Q&A: What Kind of Severance Agreement Should We Offer?

How to determine severance when you let an employee go.

We are considering the dismissal of an employee, and would like to enter into a severance agreement with her. Do you have any guidelines on how much severance pay should be considered?
That’s entirely up to you. There are no definitive standards. The amount of severance pay is often expressed in terms of a specified number of weeks of salary and benefits. It should be discussed openly with the employee, and a mutually acceptable number of weeks should be chosen. Higher paid employees will receive greater severance benefits because of their higher rate of pay. Other important factors to consider are:
1. Whether the employee is a member of a protected class under an applicable state or federal discrimination law. If so, be prepared to agree to a higher amount in order to avoid a possible discrimination claim under state or federal law that could result in a protracted legal dispute.
2. The likelihood the employee would pursue a legal claim against the church.
3. Whether the church has employment practices insurance coverage that would provide a legal defense, and indemnification, in the event of a lawsuit. Many churches do not have insurance for employment practices, meaning that the church would be responsible for retaining and compensating its own attorney in the event of a claim of discrimination. In some cases, this can result in a substantial, and unbudgeted, expense to the church.
4. The results of the employee’s last several job performance evaluations. If they are all average or above average, this is a strong incentive to resolve any potential claims by entering into a severance agreement. If a severance agreement is not signed, and the employee sues the church, those average or above average job evaluations will be compelling evidence that the church did not have any job-related reason for dismissing the employee. The implication is that the church’s decision to terminate the employee was a product of unlawful discrimination.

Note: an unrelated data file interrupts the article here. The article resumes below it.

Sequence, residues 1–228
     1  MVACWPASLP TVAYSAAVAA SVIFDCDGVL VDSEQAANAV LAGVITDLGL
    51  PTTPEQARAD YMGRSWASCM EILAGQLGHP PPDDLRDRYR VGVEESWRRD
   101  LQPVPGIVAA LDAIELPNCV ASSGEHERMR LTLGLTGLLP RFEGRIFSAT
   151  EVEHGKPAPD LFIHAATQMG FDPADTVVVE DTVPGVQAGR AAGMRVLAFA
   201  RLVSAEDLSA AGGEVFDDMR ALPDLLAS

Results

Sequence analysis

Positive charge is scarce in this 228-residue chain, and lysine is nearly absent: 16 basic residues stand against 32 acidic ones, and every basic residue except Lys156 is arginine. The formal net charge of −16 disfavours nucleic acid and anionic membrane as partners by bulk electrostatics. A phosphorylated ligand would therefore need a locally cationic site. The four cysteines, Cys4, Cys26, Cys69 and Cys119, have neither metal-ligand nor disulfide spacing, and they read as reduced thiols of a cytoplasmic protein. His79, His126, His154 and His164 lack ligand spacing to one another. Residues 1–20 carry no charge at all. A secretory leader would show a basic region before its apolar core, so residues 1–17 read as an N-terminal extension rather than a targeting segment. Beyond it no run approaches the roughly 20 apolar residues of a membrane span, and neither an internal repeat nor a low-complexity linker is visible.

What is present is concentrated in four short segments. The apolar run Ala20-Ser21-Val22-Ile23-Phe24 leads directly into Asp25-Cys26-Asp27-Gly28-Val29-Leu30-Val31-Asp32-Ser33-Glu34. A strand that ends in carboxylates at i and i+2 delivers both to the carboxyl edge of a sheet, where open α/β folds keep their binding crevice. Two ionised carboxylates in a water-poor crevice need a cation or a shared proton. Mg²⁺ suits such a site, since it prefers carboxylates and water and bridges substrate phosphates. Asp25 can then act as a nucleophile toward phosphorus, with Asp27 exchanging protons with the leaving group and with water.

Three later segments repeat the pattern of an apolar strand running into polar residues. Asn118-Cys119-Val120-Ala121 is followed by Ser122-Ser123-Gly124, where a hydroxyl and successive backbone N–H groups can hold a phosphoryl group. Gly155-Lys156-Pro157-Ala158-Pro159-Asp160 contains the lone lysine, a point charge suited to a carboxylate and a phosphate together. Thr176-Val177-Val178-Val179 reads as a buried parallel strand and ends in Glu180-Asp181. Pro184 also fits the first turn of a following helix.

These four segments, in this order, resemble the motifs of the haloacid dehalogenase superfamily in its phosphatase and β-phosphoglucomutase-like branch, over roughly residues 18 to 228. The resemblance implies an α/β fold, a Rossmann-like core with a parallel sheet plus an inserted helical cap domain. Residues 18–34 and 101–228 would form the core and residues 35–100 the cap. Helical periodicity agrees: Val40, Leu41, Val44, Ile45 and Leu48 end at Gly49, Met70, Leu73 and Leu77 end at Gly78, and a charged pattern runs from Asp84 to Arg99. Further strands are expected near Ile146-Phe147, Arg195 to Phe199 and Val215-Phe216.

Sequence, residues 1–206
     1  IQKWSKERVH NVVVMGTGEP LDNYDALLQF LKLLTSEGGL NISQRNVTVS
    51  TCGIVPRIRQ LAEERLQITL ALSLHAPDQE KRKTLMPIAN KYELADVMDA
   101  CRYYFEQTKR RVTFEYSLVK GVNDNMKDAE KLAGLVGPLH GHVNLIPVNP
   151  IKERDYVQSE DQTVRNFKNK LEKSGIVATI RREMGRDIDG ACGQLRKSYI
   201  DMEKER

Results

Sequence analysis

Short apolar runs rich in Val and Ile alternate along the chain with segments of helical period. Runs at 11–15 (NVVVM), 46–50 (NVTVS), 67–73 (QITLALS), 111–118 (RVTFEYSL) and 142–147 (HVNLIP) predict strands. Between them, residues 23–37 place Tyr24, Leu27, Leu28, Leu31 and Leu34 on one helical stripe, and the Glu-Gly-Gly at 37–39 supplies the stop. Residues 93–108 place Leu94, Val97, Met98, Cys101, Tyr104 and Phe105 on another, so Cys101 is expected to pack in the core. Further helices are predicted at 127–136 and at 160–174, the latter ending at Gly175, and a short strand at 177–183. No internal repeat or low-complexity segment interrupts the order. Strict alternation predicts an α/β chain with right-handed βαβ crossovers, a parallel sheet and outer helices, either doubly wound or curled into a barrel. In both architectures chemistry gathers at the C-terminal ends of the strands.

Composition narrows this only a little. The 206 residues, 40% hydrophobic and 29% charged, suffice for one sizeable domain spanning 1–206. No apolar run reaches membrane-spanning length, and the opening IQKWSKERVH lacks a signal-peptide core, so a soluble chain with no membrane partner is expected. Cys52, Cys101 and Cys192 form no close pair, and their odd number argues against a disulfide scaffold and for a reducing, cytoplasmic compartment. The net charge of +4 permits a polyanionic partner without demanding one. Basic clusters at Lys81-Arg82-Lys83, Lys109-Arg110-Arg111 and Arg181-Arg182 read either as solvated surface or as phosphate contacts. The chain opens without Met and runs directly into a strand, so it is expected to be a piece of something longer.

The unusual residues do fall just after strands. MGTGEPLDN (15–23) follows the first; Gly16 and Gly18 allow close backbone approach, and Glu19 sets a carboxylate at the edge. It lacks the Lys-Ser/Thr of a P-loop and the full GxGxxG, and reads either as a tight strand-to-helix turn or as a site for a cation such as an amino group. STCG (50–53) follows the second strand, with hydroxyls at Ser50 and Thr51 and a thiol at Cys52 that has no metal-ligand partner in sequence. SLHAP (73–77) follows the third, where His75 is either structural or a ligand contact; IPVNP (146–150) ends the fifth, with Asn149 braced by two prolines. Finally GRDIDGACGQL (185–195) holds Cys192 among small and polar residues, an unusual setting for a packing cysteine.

5. Congress added section 409A to the tax code in 2004 in response to public outrage over the Enron scandal. Section 409A imposes strict new requirements on most nonqualified deferred compensation plans (NQDPs). In 2007, the IRS published final regulations interpreting section 409A. The final regulations define a NQDP broadly to include any plan that provides for the deferral of compensation. This definition is broad enough to include severance agreements and many other kinds of church compensation arrangements. Any church that is considering a severance agreement with a current employee (or any other arrangement that defers compensation to a future year) should contact an attorney to have the arrangement reviewed to ensure compliance with both section 409A and the final regulations. Such a review will protect against the substantial penalties that the IRS can assess for noncompliance. It also will help clarify if a deferred compensation arrangement is a viable option in light of the limitations imposed by section 409A and the final regulations.
6. Of course, it is important for an attorney to draft any severance agreement to be sure that it will be legally enforceable, and complies with all applicable laws.
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